Stritzinger v. Barba

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Justia Opinion Summary

The Court of Chancery granted Defendants’ motion to dismiss for failure to make a pre-suit demand and failure to state a claim for relief Plaintiffs’ second amended complaint asserting a claim for breach of fiduciary duty and seeking the appointment of a receiver, holding that the motion to dismiss was properly granted.

Specifically, the Court held (1) Count I of the amended complaint asserting a claim for breach of fiduciary duty must be dismissed based on Plaintiff’s failure to make a pre-suit demand on some of the defendants; and (2) Count II of the amended complaint seeking the appointment of a receiver failed to state a claim for relief.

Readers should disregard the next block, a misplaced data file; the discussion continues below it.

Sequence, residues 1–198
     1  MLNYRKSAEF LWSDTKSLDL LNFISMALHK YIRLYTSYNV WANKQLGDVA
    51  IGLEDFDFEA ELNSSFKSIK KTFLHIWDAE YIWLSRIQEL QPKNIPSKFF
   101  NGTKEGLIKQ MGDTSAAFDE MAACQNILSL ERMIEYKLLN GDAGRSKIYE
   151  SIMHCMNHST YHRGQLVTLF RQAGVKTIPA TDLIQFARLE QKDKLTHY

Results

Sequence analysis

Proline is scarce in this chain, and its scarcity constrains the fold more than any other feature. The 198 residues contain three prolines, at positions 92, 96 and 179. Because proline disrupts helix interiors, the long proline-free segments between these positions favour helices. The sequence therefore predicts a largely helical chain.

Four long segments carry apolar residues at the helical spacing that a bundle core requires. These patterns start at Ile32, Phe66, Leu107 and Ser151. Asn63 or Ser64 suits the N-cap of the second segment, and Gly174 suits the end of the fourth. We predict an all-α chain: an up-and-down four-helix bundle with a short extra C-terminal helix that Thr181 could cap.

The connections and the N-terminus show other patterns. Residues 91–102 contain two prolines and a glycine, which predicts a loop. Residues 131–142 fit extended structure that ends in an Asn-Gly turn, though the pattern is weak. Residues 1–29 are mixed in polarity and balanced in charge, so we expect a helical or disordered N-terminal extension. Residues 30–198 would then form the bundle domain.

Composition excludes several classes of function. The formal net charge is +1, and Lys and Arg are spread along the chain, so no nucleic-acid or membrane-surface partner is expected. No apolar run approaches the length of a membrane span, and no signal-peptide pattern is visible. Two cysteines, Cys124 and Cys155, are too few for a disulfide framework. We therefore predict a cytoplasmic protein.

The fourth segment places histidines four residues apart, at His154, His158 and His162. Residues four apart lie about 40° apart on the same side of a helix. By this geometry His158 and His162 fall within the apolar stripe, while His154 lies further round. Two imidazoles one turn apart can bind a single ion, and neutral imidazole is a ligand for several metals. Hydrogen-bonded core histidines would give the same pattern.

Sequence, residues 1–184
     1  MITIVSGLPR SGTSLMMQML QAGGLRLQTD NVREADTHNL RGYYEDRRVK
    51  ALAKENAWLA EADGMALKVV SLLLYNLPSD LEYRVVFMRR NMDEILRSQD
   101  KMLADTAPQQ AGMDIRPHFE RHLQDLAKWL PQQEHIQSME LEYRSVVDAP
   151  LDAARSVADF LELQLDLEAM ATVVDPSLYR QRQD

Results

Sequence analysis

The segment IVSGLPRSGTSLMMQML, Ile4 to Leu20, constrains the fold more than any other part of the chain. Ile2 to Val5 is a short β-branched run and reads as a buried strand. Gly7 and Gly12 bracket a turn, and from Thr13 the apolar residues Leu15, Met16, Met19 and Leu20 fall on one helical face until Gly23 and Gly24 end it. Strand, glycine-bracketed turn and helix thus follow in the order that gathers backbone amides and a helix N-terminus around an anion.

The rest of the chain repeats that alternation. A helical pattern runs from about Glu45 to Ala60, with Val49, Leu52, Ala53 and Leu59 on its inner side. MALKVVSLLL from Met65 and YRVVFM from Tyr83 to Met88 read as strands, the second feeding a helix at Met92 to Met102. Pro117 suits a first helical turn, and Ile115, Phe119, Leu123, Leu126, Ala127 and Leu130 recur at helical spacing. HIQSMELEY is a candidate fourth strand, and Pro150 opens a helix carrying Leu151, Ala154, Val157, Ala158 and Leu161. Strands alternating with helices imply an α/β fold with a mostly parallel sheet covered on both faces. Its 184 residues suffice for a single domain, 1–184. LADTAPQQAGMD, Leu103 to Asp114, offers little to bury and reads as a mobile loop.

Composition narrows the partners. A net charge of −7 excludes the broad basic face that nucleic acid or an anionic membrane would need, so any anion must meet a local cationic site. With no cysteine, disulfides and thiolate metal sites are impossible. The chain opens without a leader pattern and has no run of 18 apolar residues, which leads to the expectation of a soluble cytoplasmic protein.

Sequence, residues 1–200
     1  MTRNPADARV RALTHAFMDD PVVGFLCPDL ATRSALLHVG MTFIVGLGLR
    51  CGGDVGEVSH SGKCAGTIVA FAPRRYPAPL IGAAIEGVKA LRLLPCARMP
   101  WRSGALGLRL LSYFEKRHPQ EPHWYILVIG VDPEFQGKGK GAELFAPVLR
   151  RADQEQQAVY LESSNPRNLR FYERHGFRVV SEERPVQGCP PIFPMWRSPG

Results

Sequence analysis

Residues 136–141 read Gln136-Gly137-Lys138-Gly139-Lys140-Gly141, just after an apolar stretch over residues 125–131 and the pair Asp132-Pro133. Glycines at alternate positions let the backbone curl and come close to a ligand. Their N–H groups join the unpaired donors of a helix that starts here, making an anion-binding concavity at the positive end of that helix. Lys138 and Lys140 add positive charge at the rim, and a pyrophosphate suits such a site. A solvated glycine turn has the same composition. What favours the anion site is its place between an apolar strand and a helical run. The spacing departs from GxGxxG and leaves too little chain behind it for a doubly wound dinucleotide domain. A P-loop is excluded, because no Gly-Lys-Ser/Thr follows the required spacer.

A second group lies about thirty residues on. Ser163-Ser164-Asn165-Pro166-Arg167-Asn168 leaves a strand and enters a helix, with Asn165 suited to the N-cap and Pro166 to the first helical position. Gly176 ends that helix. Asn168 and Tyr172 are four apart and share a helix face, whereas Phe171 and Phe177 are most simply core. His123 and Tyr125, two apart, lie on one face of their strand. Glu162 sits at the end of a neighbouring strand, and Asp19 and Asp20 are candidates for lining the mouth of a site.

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COURT OF CHANCERY OF THE STATE OF DELAWARE ANDRE G. BOUCHARD LEONARD L. WILLIAMS JUSTICE CENTER CHANCELLOR 500 N. KING STREET, SUITE 11400 WILMINGTON, DELAWARE 19801-3734 Date Submitted: May 15, 2018 Date Decided: August 31, 2018 Sean T. O’Kelly, Esquire Ryan M. Ernst, Esquire O’Kelly Ernst & Joyce, LLC 901 North Market Street, Suite 1000 Wilmington, DE 19801 RE: Michael W. McDermott, Esquire Sean A. Meluney, Esquire Berger Harris LLP 1105 North Market Street, 11th Floor Wilmington, DE 19801 Jennifer L. Stritzinger v. Dennis Barba, et al. Civil Action No. 12776-CB Dear Counsel: This letter constitutes the court’s decision on defendants’ motion to dismiss the Second Amended Complaint, which asserts a claim for breach of fiduciary duty and seeks the appointment of a receiver. For the reasons explained below, the motion to dismiss is granted. I. Background The facts recited in this letter decision are drawn from the Verified Second Amended Derivative Complaint (the “Second Amended Complaint”) filed on February 16, 2018, and documents incorporated therein.1 Any additional facts are either not subject to reasonable dispute or subject to judicial notice. 1 See Winshall v. Viacom Int’l, Inc., 76 A.3d 808, 818 (Del. 2013) (citations omitted) Jennifer L. Stritzinger v. Dennis Barba, et al. C.A. No. 12776-CB August 31, 2018 A. The Parties Plaintiff Jennifer L. Stritzinger is a stockholder, but not a dues-paying member, of nominal defendant Newark Country Club (the “Club”). Defendants are the twelve members of the Club’s board of directors (the “Board”): Dennis Barba, Ron Holliday, Michael Barrow, Cheree McPhee, Fred Mink, Fritz Land, Todd Ladutko, Bob Kennedy, Charlotte Short, Chris Scherf, Tom Hall, and Jim Brown (the “Director Defendants”). Barba was the president of the Club during the relevant period and Scherf is the current president. B. The Club Faces Financial Difficulties The Club was formed in 1921. It is a private corporation governed by the Delaware General Corporation Law, 8 Del. C. § 101 et seq., that operates as a country club, with a club house, a golf course, and related operations in Newark, Delaware. The Club’s most meaningful asset is the land it owns. Before the transaction at issue in this case, there were three mortgages on that property totaling approximately $1.8 million. (“[P]laintiff may not reference certain documents outside the complaint and at the same time prevent the court from considering those documents’ actual terms” in connection with a motion to dismiss). 2 Jennifer L. Stritzinger v. Dennis Barba, et al. C.A. No. 12776-CB August 31, 2018 Over the years, developers have approached the Club and the Board with proposals to purchase and develop the Club’s land. The Board has rejected all such proposals, despite the Club having “operated at a deficit for years,” including net losses of $266,252 in 2014, $242,154 in 2015, and $416,392.70 in 2016.2 According to Stritzinger, the “decisions to reject these proposals were not done in the interests of protecting the value belonging to the Club and its equity stockholders, but instead were done with the goal of maintaining control of the country club and allowing its club members to enjoy its recreational offerings and facilities.”3 C. The Newark Country Club Mortgage Company On May 21, 2016, one of the defendants, Ladutko, emailed his fellow Board members a proposal to relieve the pressure on the Club’s “cash flow problems.” 4 Specifically, Ladutko suggested that members of the Club create a limited liability company to loan money to the Club, with the loan to be secured by another mortgage on the Club’s property (the “Loan”). The Board was receptive to the idea, and Barba sent an email to the Club’s members regarding the proposed plan to raise financing for club operations. 2 Second Am. Compl. ¶ 31. 3 Id. ¶ 39. 4 Id. ¶ 41. 3 Jennifer L. Stritzinger v. Dennis Barba, et al. C.A. No. 12776-CB August 31, 2018 On June 16, 2016, the Club held a “town hall meeting” at which its members discussed the Club’s long-term plans. The Club’s members discussed four options: (i) merging with another club; (ii) selling the Club to a land broker, but allowing the Club to continue its operations for ten years; (iii) working with the city of Newark for it to purchase the development rights of the property; and (iv) forming Newark Country Club Mortgage Company, LLC (the “Mortgage Company”) to make the Loan to the Club.5 The Board chose to pursue the Mortgage Company option. On July 21, 2016, Barba solicited a $100,000 bridge loan to cover the Club’s “annual shortfall.”6 Barba referenced the proposed Mortgage Company in his request for additional funds from Artisan’s Bank, a bank with which the Club already had a $150,000 line of credit. The Board set a deadline of September 30, 2016 for Club members and equity holders to participate in the Mortgage Company through the sale of membership interests, with the proceeds to be loaned to the Club. The interest rate on the Loan would be 5.75% per annum, paid bi-annually, and the Club would grant the Mortgage Company a mortgage on the Club’s property. Some Club members raised concerns about the proposed transaction. In response, the Board circulated answers to “Frequently Asked Questions” on 5 Second Am. Compl. ¶ 46. 6 Second Am. Compl. ¶ 49. 4 Jennifer L. Stritzinger v. Dennis Barba, et al. C.A. No. 12776-CB August 31, 2018 September 26, 2016. This document described how the proceeds of the Loan would be used. Specifically, it stated that the funds would be used to repay certain of the Club’s short-term obligations but would not secure the long-term financial future of the Club. On December 4, 2016, the Board formally adopted a financing agreement with the Mortgage Company. Five of the twelve members of the Board—Kennedy, Ladutko, Scherf, Short, and Land—invested in the Mortgage Company. They all recused themselves from the Board vote authorizing the transaction. On January 4, 2017, the Mortgage Company loaned the Club $399,000 at an interest rate of 5.75%.7 The proceeds of the Loan allegedly were used to pay off the Club’s line of credit with Artisan’s Bank and a portion of back taxes it owed.8 II. Procedural History On September 27, 2016, after serving a books and records demand on the Club a few months earlier, Stritzinger filed her initial complaint along with a motion for expedited proceedings and a motion for a temporary restraining order seeking to enjoin the Club from closing the Loan transaction. Two days later, Stritzinger withdrew her motion for a temporary restraining order. 7 Second Am. Compl. ¶¶ 60-61. 8 Second Am. Compl. ¶ 61. 5 Jennifer L. Stritzinger v. Dennis Barba, et al. C.A. No. 12776-CB August 31, 2018 On October 28, 2016, Stritzinger again sought expedition. On November 3, 2016, the court denied the renewed motion for expedition based on, among other things, Stritzinger’s failure to demonstrate a sufficient threat of irreparable harm given the availability of a damages remedy. Over ten months later, on September 14, 2017, Stritzinger amended her complaint, which defendants moved to dismiss. In lieu of briefing that motion, Stritzinger amended her complaint a second time without opposition from defendants. On February 16, 2018, Stritzinger filed the Second Amended Complaint, asserting two claims. On February 21, 2018, defendants moved to dismiss these claims under Court of Chancery Rules 23.1 and 12(b)(6) for failure to make pre-suit demand on the Board and failure to state a claim for relief. III. Analysis Count I of the Second Amended Complaint asserts a claim for breach of fiduciary duty against the Director Defendants. Count II seeks the appointment of a receiver for the Club. I address defendants’ motion to dismiss with respect to each claim, in turn, below. 6 Jennifer L. Stritzinger v. Dennis Barba, et al. C.A. No. 12776-CB August 31, 2018 A. Plaintiff Has Failed to Establish that Making a Demand Would Have Been Futile With Respect to Count I Count I asserts that the Director Defendants breached their fiduciary duty by approving the Loan with the Mortgage Company.9 This claim, which seeks an award of compensatory damages to be paid to the Club, is asserted derivatively on behalf of the Club. “[S]tockholders may not prosecute a claim derivatively on behalf of a corporation unless they: (1) make a pre-suit demand by presenting the allegations to the corporation’s directors, requesting that they bring suit, and showing that they wrongfully refused to do so, or (2) plead facts showing that demand upon the board would have been futile.”10 Stritzinger did not make a demand on the Board, so she must demonstrate that a majority of the members of the Board when this action was filed was “incapable of making an impartial decision regarding such litigation.”11 The parties agree that the test articulated in Aronson v. Lewis12 applies in this case to determine whether demand would have been futile with respect to Count I.13 9 Second Am. Compl. ¶¶ 72-78. 10 Carr v. New Enter. Assocs., Inc., 2018 WL 1472336, at *12 (Del. Ch. Mar. 26, 2018) (citations and internal quotations omitted). 11 Rales v. Blasband, 634 A.2d 927, 932 (Del. 1993). 12 473 A.2d 805 (Del. 1984). 13 Defs.’ Opening Br. 8-14 (Dkt. 32); Pl.’s Answering Br. 11-15 (Dkt. 35). 7 Jennifer L. Stritzinger v. Dennis Barba, et al. C.A. No. 12776-CB August 31, 2018 This is the correct standard because (i) Count I challenges an affirmative decision of the Board, i.e., the decision for the Club to enter into the Loan transaction with the Mortgage Company, and (ii) a majority of the directors who made that decision remained in office at the time this suit was filed.14 In fact, the same twelve individuals who approved the Loan transaction constituted the Board when this litigation was filed and Count I was first asserted. Under the Aronson test, “to show demand futility, [a] plaintiff[] must provide particularized factual allegations that raise a reasonable doubt that (1) the directors are disinterested and independent [or] (2) the challenged transaction was otherwise the product of a valid exercise of business judgment.”15 With respect to the first prong of the Aronson test, Vice Chancellor Lamb summarized the nature of the inquiry based on the precise text of Aronson as follows: Disinterested “means that directors can neither appear on both sides of a transaction nor expect to derive any personal financial benefit from it in the sense of self-dealing, as opposed to a benefit which devolves upon the corporation or all stockholders generally.” “Independence means that a director’s decision is based on the corporate merits of the See Rales, 634 A.2d at 933-34 (citations omitted) (Aronson test does not apply “(1) where a business decision was made by the board of a company, but a majority of the directors making the decision have been replaced; (2) where the subject of the derivative suit is not a business decision of the board; and (3) where, as here, the decision being challenged was made by the board of a different corporation”). 14 In re Citigroup Inc. S’holder Derivative Litig., 964 A.2d 106, 120 (Del. Ch. 2009) (citation and internal quotations omitted). 15 8 Jennifer L. Stritzinger v. Dennis Barba, et al. C.A. No. 12776-CB August 31, 2018 subject before the board rather than extraneous considerations or influences.”16 Amplifying on the concept of independence, this court has explained that the “inquiry asks whether the uninterested members of the board are dominated or beholden to the interested members in such a way that their independence and objectivity is questionable.”17 With respect to the second prong of the Aronson test, this court recently explained the pleading burden on plaintiff, in relevant part, as follows: Under the second prong of Aronson, the “plaintiff[ ] must plead particularized facts sufficient to raise (1) a reason to doubt that the action was taken honestly and in good faith or (2) a reason to doubt that the board was adequately informed in making the decision.” In order to raise a reason to doubt good faith, “the plaintiff must overcome the general presumption of good faith by showing that the board’s decision was so egregious or irrational that it could not have been based on a valid assessment of the corporation’s best interests” and was “essentially inexplicable on any ground other than bad faith.” This requires a pleading of “particularized facts that demonstrate that the directors acted with scienter; i.e., there was an ‘intentional dereliction of duty’ or a ‘conscious disregard’ for their responsibilities.” This is a high burden, requiring an “extreme set of facts.” The most salient examples include (1) “where the fiduciary intentionally breaks the law”; (2) “where the fiduciary intentionally acts with a purpose other than that of advancing the best interests of the corporation”; or (3) “where the fiduciary intentionally fails to act in the face of a known In re J.P. Morgan Chase & Co. S’holder Litig., 906 A.2d 808, 821 (Del. Ch. 2005) (quoting Aronson, 473 A.2d at 812, 816). 16 17 TVI Corp. v. Gallagher, 2013 WL 5809271, at *8 (Del. Ch. Oct. 28, 2013). 9 Jennifer L. Stritzinger v. Dennis Barba, et al. C.A. No. 12776-CB August 31, 2018 duty to act.” While “aspirational goals of ideal corporate governance practices” may be “highly desirable,” to the extent they “go beyond the minimal legal requirements of the corporation law,” they “do not define standards of liability.”18 The Second Amended Complaint pleads, and defendants do not dispute, that five of the twelve members of the Board had a personal financial interest in the Loan transaction due to their investments in the Mortgage Company that made the Loan. As to the remaining seven directors, the Second Amended Complaint does not plead facts suggesting that any of them had a personal financial interest in the Loan transaction, or that any of them were beholden to any of the five directors who did so as to call into question their independence. Thus, Stritzinger has failed to plead particularized facts sufficient to raise a reason to doubt that a majority of the Board was disinterested and independent, as those terms are defined above. Accordingly, Stritzinger necessarily would fail to satisfy the first prong of the Aronson test if the scope of its inquiry is limited in the manner articulated above. Stritzinger argues, however, for a broader inquiry under the first prong of Aronson. Specifically, she argues that the first prong of Aronson is satisfied because 18 Lenois v. Lawal, 2017 WL 5289611, at *10 (Del. Ch. Nov. 7, 2017) (citations omitted). 10 Jennifer L. Stritzinger v. Dennis Barba, et al. C.A. No. 12776-CB August 31, 2018 (i) five members of the Board benefited personally from the Loan transaction19 and (ii) the remaining seven members of the Board were not disinterested because they acted in bad faith when they approved the Loan transaction and thus face a substantial threat of personal liability for taking that action.20 As I understand her position, Stritzinger asserts the same theory of bad faith as the basis for her argument that the second prong of Aronson has been satisfied.21 There appears to be some confusion in our law whether the “substantial likelihood of liability” theory used to challenge the impartiality of a director for demand futility purposes fits within the analysis contemplated by the first or second prong of Aronson. As a leading treatise explains: Whether a director is “interested” for demand futility purposes because he or she faces “a substantial likelihood of liability” is typically considered by courts in the Rales context . . . . In some cases, the Court of Chancery has also considered whether a director faces a “substantial likelihood of liability” in determining whether the first prong of Aronson is satisfied, while other courts have referred to this phrase in the context of Aronson’s second prong. In one case, the Court of Chancery explained that while “substantial likelihood of liability” is not the “pertinent question” under the Aronson test, a “crucial factor” 19 Stritzinger asserts that the five members who invested in the Mortgage Company were “not independent.” Pl.’s Answering Br. 10. The correct characterization under our law is that they were not disinterested. 20 Pl.’s Answering Br. 10-13. 21 Id. 13-15. 11 Jennifer L. Stritzinger v. Dennis Barba, et al. C.A. No. 12776-CB August 31, 2018 underlying Aronson “would seem to be questions of the potential for personal liability which affect capacity to consider demand.”22 The briefing in this case is far too undeveloped for me to attempt to provide clarity on this issue. Fortunately, it is not necessary to do so because, as discussed below, the Second Amended Complaint fails to plead particularized facts that any of the seven members of the Board who approved the Loan—all of whom are exculpated from monetary liability for breaches of the duty of care23—acted in bad faith. The gravamen of the Second Amended Complaint is that these seven directors acted in bad faith because their approval of the Loan served the interests of the Club’s dues-paying members (some of whom are stockholders) who use its facilities to the detriment of the Club as an entity and those stockholders who do not use the Club’s facilities. As alleged in the Second Amended Complaint: The Company continually operates at a loss and seeks to borrow increasing amounts of capital without actually devising or executing a plan to increase revenue. Whenever the Board is presented a financial opportunity that entails a change to the Club’s functions and a 22 3 FOLK ON THE DELAWARE GENERAL CORPORATION LAW (Edward P. Welch et al. eds., 6th ed. 2018) § 327.04[B][4][n] (citations omitted). 23 See Defs.’ Opening Br. Ex. 1. 12 Jennifer L. Stritzinger v. Dennis Barba, et al. C.A. No. 12776-CB August 31, 2018 disruption to the members’ enjoyment of their beloved facilities, the Board rejects it in favor of continuing operations at a loss.24 .... . . . [T]he act of entering into the Mortgage transaction – which drained the equity of the Company to pay outstanding bills, with no plan to turn around the Club’s finances – is improper. The Mortgage only provided short-term breathing room, not a long-term solution.25 In my opinion, Stritzinger has not plead the type of extreme set of facts necessary to support a reasonable inference that the seven members of the Board who approved the Loan transaction acted in bad faith. To start, the Second Amended Complaint does not challenge the commercial reasonableness of the terms of the Loan, which include a 5.75% interest rate and security in the form of a mortgage on the Club’s property that is subordinated to the Club’s other debt. To the contrary, Stritzinger tacitly concedes that the terms of the Loan are commercially reasonable.26 The Second Amended Complaint also does not plead facts suggesting that the members of the Board intentionally disregarded their fiduciary obligations as to the process they undertook in considering the Loan transaction. Rather, the Second Amended Complaint acknowledges that the Club held a “town hall meeting” where 24 Pl.’s Answering Br. 13-14 (citing Second Am. Compl. ¶¶ 30-40, 46-49). 25 Id. at 14-15. See Pl.’s Answering Br. 14 (“The terms of the Mortgage, however, are not what make it unreasonable.”). 26 13 Jennifer L. Stritzinger v. Dennis Barba, et al. C.A. No. 12776-CB August 31, 2018 at least three options were discussed other than the Loan transaction, including selling the Club, and that the five members of the Board with an interest in the Loan “recused themselves from the Board vote authorizing the transaction.”27 What Stritzinger’s grievance boils down to is a disagreement with the substance of the decision the Board made to approve the Loan transaction. Her pleading makes clear that she disagrees with the Board’s decision to borrow funds to address the Club’s near-term financial pressures so that the Club could continue to operate—as it has for generations—as a country club. Stritzinger, who does not use the Club’s facilities, wanted the Board to reject the Loan, even if that meant liquidating the Club and selling off its land.28 In short, Stritzinger’s disagreement with the Board concerns quintessential matters of business judgment concerning the strategic management of the Club’s affairs. What her allegations do not do, however, is provide particularized facts from which the court reasonably could infer that the decision to enter into the Loan was so egregious or irrational that it could not have been based on a valid assessment of the Club’s best interests, or that the 27 Second Am. Compl. ¶¶ 46, 60. 28 According to defendants, Stritzinger and her husband have tried for over a decade to build homes on the Club’s land. Defs.’ Reply Br. 10-11 & Ex. A (Dkt. 37). Defendants thus argue that Stritzinger would not be an adequate derivative plaintiff if this case proceeds. I do not need to reach this issue given my conclusion that this case must be dismissed for the reasons explained above. 14 Jennifer L. Stritzinger v. Dennis Barba, et al. C.A. No. 12776-CB August 31, 2018 directors who approved the Loan otherwise acted with the requisite intent to disregard their obligations. Given that the Second Amended Complaint fails to plead particularized facts sufficient to raise a reason to doubt that a majority of the Board (i.e., the seven directors who approved the Loan) (i) had no personal financial interest in the Loan transaction, (ii) were independent, and (iii) acted in good faith, Stritzinger has failed to establish demand futility. This is true whether plaintiff’s contention that these individuals face a substantial threat of personal liability is analyzed under the first or second prong of Aronson. Accordingly, Count I must be dismissed based on Stritzinger’s failure to make a pre-suit demand on the Board. B. Count II Fails to State a Claim for Relief Count II of the Amended Complaint seeks the appointment of a receiver “to manage” the Club.29 Without relying on any statutory basis, Stritzinger seeks this relief on the theory that the “Director Defendants have recklessly mismanaged the corporate business of [the Club] by approving the financing transaction and failing to devise, let alone execute, a[] strategy to stop the [Club] from losing money every year.”30 29 Second Am. Compl. ¶ 83. 30 Second Am. Compl. ¶ 81. 15 Jennifer L. Stritzinger v. Dennis Barba, et al. C.A. No. 12776-CB August 31, 2018 Defendants have moved to dismiss Count II under Court of Chancery Rule 12(b)(6). The standards governing a motion to dismiss for failure to state a claim for relief are well-settled: “(i) all well-pleaded factual allegations are accepted as true; (ii) even vague allegations are ‘well-pleaded’ if they give the opposing party notice of the claim; (iii) the Court must draw all reasonable inferences in favor of the non-moving party; and ([iv]) dismissal is inappropriate unless the ‘plaintiff would not be entitled to recover under any reasonably conceivable set of circumstances susceptible of proof.’”31 Using its equitable powers, the court may appoint “a custodian or receiver upon a showing of fraud, gross mismanagement, positive misconduct by corporate officers, breach of trust, or extreme circumstances showing imminent danger of great loss which cannot otherwise be prevented.”32 “The appointment of a custodian or receiver on the ground of mismanagement calls for a cautious exercise of discretion of the Court. Such form of relief is radical and should be granted grudgingly.” 33 Even viewing the factual allegations pled in the light most favorable to Stritzinger, she has not come close to alleging grounds for the court to take the 31 Savor, Inc. v. FMR Corp., 812 A.2d 894, 896-97 (Del. 2002) (citations omitted). 32 Zutrau v. Jansing, 2013 WL 1092817, at *5 (Del. Ch. Mar. 18, 2013). 33 Barry v. Full Mold Process, Inc., 1975 WL 1949, at *2 (Del. Ch. June 16, 1975) (citations omitted). 16 Jennifer L. Stritzinger v. Dennis Barba, et al. C.A. No. 12776-CB August 31, 2018 extraordinary step of displacing the Board from managing the Club’s affairs by appointing a receiver. As discussed above, the allegations of the Second Amended Complaint do not raise a reason to doubt the good faith of the directors who approved the Loan transaction. Apart from criticizing the Loan transaction, Stritzinger’s allegations concerning the Board’s historical management of the Club are wholly conclusory and unsubstantiated. Stritzinger has not even alleged that the Club is insolvent or that insolvency is imminent due to the Board’s mismanagement of the Club. In short, based on the facts pled, there is no reasonably conceivable basis on which the court would exercise its discretion to appoint a receiver for the Club. Accordingly, Count II fails to state a claim for relief. IV. Conclusion For the reasons explained above, defendants’ motion to dismiss the Second Amended Complaint with prejudice is GRANTED. IT IS SO ORDERED. Sincerely, /s/ Andre G. Bouchard Chancellor AGB/gm 17